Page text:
transpired, considering not only her relative vulnerability but also the shame to which she would be exposed if the
matter to which she testified is not true. Youth and immaturity are generally badges of truth and sincerity.17
Moreover, AAA testified in a straightforward manner.

On the other hand, appellant set-up the defense of denial and alibi. It is jurisprudential that denial and alibi are
1âwphi1

intrinsically weak defenses which must be buttressed by strong evidence of non-culpability to merit credibility. Mere

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denial, without any strong evidence to support it, can scarcely overcome the positive declaration by the child-victim
of the identity of the appellant and his involvement in the crime attributed to him.18 Alibi is evidence negative in
nature and self-serving and cannot attain more credibility than the testimonies of prosecution witnesses who testify
on clear and positive evidence.19

The appellate court is correct in affirming the imposition of the penalty of reclusion perpetuaby ratiocinating, to wit:

The presence of lewd intentions is established by the conduct of the accused during the abduction. When the girl is
defiled, the forcible abduction becomes the means to commit the rape, and since rape is the more serious offense,
under Article 48 of the Revised Penal Code, the complex crime of forcible abduction with rape is committed and
penalized by reclusion perpetua, the penalty proper to rape.20

For clarity, the lower courts should have emphasized that reclusion perpetuaas the proper penalty for the crime of
statutory rape was imposed in lieu of death penalty pursuant to Republic Act No. 7659. When Republic Act No. 9346
prohibited the imposition ofdeath penalty, persons convicted of offenses punished with death penalty will now be
reduced to reclusion perpetua. And in line withour recent ruling in People v. Gambao21 where we order an increase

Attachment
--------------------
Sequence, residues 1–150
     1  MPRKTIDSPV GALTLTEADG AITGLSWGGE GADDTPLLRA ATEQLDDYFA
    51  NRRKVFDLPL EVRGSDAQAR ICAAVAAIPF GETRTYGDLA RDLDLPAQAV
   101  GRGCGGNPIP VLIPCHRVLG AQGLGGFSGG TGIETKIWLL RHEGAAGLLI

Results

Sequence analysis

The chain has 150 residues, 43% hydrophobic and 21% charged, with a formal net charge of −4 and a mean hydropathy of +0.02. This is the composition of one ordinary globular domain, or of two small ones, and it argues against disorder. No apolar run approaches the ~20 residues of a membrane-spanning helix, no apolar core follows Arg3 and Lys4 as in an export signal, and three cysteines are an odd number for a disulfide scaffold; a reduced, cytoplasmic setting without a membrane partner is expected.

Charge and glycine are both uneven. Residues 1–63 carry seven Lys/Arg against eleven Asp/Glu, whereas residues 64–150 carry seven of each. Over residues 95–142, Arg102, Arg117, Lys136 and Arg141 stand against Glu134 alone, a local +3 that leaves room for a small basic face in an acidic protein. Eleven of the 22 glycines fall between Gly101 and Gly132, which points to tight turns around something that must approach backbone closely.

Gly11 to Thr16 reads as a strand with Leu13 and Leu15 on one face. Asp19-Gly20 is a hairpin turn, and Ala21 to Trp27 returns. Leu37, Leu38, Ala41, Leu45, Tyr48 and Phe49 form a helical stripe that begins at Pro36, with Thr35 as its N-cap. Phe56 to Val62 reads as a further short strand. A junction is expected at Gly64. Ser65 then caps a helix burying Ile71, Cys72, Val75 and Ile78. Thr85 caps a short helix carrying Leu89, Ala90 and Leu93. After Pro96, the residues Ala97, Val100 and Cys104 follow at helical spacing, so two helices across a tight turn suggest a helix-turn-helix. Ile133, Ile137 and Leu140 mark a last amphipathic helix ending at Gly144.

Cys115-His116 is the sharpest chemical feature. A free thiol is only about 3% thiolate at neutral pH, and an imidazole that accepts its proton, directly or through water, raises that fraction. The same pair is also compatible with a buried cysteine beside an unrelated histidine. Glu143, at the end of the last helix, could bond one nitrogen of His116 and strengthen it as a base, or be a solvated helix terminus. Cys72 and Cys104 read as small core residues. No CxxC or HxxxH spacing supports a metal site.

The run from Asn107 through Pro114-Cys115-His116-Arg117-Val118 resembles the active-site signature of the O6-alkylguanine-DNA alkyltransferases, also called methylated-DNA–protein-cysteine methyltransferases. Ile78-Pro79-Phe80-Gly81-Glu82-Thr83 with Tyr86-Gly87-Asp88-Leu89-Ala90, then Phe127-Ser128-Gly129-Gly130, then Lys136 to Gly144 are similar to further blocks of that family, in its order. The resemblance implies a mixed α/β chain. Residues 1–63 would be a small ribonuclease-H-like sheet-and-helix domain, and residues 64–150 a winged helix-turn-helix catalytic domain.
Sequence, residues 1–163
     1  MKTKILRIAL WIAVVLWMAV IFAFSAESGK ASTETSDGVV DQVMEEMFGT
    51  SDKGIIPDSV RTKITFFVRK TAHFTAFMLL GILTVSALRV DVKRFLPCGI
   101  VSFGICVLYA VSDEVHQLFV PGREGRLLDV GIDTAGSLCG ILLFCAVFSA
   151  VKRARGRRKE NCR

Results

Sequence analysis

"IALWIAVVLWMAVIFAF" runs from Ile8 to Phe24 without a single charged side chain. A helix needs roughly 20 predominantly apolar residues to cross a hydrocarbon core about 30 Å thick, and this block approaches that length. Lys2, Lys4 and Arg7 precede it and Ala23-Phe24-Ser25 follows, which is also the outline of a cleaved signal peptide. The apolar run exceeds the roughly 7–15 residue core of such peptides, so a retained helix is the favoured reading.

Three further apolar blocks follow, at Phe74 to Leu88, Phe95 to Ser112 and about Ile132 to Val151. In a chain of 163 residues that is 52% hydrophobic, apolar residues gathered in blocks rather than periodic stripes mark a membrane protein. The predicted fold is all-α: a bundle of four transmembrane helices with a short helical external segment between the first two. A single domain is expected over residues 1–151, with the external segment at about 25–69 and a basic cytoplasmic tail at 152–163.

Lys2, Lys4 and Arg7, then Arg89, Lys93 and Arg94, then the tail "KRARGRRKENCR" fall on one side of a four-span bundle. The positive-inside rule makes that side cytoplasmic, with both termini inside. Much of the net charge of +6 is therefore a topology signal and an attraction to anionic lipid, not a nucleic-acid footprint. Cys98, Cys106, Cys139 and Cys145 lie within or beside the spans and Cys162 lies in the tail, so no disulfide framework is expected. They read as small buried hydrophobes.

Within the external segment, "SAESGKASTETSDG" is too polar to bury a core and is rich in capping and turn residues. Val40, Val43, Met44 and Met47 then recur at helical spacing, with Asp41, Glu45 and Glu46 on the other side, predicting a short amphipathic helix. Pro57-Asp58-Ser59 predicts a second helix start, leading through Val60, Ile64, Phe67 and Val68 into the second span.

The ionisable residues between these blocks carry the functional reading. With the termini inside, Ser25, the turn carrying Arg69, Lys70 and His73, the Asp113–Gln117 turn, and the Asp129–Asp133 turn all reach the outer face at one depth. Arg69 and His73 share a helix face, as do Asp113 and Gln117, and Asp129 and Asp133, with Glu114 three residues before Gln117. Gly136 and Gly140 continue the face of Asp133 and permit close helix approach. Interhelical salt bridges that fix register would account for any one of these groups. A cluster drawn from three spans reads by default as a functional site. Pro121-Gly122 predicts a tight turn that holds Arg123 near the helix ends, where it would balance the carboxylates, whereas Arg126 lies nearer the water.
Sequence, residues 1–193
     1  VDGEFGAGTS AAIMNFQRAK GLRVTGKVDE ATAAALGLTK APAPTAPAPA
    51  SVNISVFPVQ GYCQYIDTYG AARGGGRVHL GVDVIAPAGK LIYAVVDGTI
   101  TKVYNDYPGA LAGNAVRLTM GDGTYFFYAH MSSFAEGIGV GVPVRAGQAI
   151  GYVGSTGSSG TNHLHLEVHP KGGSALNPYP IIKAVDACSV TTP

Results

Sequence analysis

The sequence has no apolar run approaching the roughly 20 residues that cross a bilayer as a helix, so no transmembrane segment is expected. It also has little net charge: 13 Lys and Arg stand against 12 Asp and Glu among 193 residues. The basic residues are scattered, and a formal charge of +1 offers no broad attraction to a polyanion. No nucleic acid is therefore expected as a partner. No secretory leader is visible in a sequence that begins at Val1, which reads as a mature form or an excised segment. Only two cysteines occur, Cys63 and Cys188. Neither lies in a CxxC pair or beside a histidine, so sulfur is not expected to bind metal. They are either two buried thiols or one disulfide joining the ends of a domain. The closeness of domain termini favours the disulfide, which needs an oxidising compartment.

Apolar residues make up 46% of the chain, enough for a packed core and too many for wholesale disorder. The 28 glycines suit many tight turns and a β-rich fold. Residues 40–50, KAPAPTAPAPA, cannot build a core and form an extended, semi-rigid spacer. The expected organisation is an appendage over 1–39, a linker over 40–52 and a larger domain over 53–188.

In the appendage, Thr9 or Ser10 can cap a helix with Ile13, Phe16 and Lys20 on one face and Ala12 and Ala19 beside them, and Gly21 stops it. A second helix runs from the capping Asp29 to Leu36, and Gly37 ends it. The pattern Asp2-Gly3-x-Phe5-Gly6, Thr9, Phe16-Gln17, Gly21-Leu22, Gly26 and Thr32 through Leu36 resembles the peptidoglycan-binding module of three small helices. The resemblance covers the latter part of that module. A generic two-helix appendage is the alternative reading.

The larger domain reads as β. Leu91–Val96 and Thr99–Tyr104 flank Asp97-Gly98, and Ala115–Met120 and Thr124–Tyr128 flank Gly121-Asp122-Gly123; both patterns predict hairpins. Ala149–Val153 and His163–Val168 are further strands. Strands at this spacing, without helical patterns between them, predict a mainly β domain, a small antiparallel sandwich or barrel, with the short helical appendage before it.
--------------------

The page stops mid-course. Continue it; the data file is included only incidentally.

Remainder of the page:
in the amount ofdamages to ₱100,000.00 each for civil indemnity, moral and exemplary damages,we deem it
necessary to increase the amount of damages accordingly.

In addition, interest at the rate of 6% per annum shall be imposed on all damages awarded from date of finalityof
this judgment until fully paid.22

WHEREFORE, premises considered, the Decision dated 30 March 2011 of the Court of Appeals in CA-G.R. CR-HC
No. 02801 is AFFIRMED, subject to the MODIFICATION that ROSENDO AMARO shall pay ₱100,000.00 as civil
indemnity, ₱100,000.00 as moral damages and ₱100,000.00 as exemplary damages, plus interest of 6% per annum
on the amount of damages, reckoned from the finality of this decision until full payment.

SO ORDERED.

JOSE PORTUGAL PEREZ


Associate Justice

WE CONCUR:

ANTONIO T. CARPIO
Associate Justice
Chairperson

ARTURO D. BRION MARIANO C. DEL CASTILLO


Associate Justice Associate Justice

ESTELA M. PERLAS-BERNABE
Associate Justice

ATTESTATION

I attest that the conclusions in the above Decision had been reached in consultation before the case was assigned
to the writer of the opinion of the Court's Division.

ANTONIO T. CARPIO
Associate Justice
Second Division Chairperson

CERTIFICATION

Pursuant to Section 13, Article VIII of the Constitution and the Division Chairperson's Attestation, I certify that the
conclusions in the above Decision had been reached in consultation before the case was assigned to the writer of
the opinion of the Court's Division.

MARIA LOURDES P. A. SERENO


Chief Justice

Footnotes
1
Penned by Associate Justice Mario L. Guarifia Ill with Associate Justices Apolinario D. Brusclas, Jr. and
Manuel M. Barrios, concurring. Rollo, pp. 2-8.
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12/13/2017 G.R. No. 199100
2
Presided by Acting Presiding Judge Jocelyn Sundiang Dilig. CA rollo. pp. 23-29.
3
The real name of the victim, her personal circumstances and other information which tend to establish or
compromise her identity, as well as those of their immediate family or household members, shall not be
disclosed to protect her privacy and fictitious initials shall, instead, be used, in accordance with People v.
Cabalquinto, 533 Phil. 703 (2006) and A.M. No. 04-10-11-SC dated 19 October 2004.
4
Records, p. 1.
5
TSN, 9 November 1998, p. 15.
6
Id. at 5-11.
7
TSN, 14 July 2004, pp. 4-12.
8
CA rollo, p. 29.
9
Rollo, pp. 16-18 and 21-22.
10
CA rollo, p. 19.
11
People v. Ablaneda, 409 Phil. 552, 557 (2001).
12
Id.
13
TSN, 9 November 1998, pp. 8-9.
14
Records, p. 4.
15
People v. Sapurco, 315 Phil. 561, 569 (1995).
16
People v. Arnaiz, G.R. No. 171447, 29 November 2006, 538 SCRA 479, 492.
17
People v. Piosang, G.R. No. 200329, 5 June 2013.
18
People v. Colorado, G.R. No. 200792, 14 November 2012, 685 SCRA 660, 672.
19
People v. Alfredo,G.R. No. 188560, 15 December 2010, 638 SCRA 749, 760-761.
20
Rollo, pp. 6-7.
21
G.R. No. 172707, 1 October 2013.
22
People v. Gunda, G.R. No. 195525, 5 February 2014.